1.3 Developmental Screening

1.3: Integrate developmental screening and assessment into the program/school

Developmental screening icon

Putting a universal screening and assessment process in use can support programs to foster children’s positive social-emotional development in order to prevent suspensions and expulsions. Universal screening is a fast and efficient way to identify children with potential areas of need or concern. Early identification through universal screening also helps programs match at-risk children with the services that benefit children and their families. This practice can result in stronger family partnerships (see Recommendation 1.2). It can also help establish formal collaborations with community partners to support the inclusion of young children with disabilities in your program. Targeted and intensive intervention services can help children who need them to begin and sustain positive relationships with their peers and with adults, possibly preventing and addressing the challenging behaviors that may lead to suspension and expulsion. For instance, many Head Start centers complete a social-emotional screener on all enrolled children within 45 days of the program start date. Screening is also a critical component of a multitiered system of support (to learn more, see Recommendation 1.8). To be most useful and beneficial to you and your program, it is important to use a universal screening and assessment tool that will provide accurate and specific information about what children know and are able to do.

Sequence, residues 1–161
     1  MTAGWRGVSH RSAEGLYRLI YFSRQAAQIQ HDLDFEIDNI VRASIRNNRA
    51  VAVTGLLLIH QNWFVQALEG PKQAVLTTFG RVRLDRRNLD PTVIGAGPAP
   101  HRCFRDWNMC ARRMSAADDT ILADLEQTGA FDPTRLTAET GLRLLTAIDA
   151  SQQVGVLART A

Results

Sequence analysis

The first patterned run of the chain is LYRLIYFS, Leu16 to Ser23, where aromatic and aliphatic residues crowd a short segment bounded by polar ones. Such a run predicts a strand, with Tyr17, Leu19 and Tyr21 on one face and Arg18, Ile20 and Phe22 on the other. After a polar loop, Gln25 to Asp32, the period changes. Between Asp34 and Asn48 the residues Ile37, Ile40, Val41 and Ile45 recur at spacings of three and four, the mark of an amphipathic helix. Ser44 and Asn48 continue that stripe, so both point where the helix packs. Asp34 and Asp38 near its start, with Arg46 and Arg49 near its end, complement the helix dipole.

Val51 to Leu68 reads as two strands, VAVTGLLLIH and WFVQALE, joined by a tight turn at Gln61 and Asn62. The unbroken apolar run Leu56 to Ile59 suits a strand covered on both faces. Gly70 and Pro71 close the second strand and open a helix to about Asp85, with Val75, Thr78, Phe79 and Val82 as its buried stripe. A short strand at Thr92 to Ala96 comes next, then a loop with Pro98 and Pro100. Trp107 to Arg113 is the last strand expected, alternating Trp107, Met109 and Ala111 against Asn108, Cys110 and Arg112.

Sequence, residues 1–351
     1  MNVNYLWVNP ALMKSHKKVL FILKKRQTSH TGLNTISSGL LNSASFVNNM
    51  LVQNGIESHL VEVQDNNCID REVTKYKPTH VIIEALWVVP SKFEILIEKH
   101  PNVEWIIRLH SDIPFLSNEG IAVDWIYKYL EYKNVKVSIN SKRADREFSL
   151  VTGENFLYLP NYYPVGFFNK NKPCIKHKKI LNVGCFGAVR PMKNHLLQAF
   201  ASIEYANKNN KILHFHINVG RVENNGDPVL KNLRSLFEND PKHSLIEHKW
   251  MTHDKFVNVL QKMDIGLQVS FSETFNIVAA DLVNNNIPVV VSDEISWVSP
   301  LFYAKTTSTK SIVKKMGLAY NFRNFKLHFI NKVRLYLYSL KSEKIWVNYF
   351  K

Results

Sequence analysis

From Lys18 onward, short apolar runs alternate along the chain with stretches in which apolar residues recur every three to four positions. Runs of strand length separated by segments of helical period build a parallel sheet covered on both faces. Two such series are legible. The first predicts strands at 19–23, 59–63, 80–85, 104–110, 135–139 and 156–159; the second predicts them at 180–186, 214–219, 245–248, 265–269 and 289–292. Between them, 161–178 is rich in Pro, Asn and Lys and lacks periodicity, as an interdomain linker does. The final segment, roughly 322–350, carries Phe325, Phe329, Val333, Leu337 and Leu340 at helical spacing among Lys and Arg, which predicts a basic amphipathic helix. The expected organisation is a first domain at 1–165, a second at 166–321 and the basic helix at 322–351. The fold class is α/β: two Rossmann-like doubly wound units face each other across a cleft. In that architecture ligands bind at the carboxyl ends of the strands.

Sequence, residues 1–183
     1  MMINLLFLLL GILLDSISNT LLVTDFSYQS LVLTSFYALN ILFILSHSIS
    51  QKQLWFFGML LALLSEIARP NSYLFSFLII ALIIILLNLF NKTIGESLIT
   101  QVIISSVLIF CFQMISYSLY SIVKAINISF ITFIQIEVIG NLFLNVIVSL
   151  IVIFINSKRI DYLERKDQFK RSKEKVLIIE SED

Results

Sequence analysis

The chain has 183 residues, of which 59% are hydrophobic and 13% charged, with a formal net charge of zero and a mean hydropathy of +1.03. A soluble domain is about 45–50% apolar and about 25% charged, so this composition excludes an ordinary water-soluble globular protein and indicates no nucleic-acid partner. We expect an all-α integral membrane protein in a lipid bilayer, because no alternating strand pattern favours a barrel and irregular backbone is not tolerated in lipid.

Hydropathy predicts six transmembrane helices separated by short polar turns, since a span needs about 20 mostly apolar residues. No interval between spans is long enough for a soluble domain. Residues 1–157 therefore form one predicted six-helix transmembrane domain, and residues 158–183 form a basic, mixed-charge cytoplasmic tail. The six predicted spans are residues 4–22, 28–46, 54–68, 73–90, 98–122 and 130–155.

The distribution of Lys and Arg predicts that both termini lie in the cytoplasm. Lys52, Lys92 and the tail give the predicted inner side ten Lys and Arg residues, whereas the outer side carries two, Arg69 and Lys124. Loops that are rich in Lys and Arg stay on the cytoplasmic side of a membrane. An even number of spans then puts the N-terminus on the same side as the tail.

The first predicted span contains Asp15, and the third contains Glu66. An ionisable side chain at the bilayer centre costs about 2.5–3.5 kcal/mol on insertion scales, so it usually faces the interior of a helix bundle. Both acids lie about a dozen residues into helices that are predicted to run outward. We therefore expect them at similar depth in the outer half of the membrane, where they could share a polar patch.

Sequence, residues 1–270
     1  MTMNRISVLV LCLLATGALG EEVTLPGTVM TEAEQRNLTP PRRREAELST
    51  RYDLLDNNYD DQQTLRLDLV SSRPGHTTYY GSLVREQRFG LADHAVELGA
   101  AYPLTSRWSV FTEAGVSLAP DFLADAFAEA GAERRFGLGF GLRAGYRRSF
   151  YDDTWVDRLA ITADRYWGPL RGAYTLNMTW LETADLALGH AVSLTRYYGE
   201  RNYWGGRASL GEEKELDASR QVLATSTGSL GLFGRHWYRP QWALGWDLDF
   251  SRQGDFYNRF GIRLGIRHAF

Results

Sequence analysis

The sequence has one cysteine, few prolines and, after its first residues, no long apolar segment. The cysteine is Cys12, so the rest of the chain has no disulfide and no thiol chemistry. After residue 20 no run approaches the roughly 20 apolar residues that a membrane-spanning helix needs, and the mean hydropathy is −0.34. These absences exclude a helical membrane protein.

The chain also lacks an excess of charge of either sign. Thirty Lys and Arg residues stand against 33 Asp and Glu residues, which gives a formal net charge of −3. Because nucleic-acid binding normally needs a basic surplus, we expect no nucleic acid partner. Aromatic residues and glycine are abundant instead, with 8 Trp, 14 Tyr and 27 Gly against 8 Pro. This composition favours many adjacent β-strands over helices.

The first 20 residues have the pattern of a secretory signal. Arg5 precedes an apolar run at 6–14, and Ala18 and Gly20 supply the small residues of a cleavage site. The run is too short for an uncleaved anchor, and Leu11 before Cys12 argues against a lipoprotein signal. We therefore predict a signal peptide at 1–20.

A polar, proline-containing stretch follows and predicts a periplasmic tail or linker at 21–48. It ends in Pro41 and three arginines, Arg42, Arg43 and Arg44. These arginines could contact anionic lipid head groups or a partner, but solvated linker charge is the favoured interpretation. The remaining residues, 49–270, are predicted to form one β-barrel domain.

A universal screening and assessment tool is characterized as a brief, cost-efficient tool that:

  • Is given to all children
  • Is accessible to all children (e.g., given in the child’s primary language)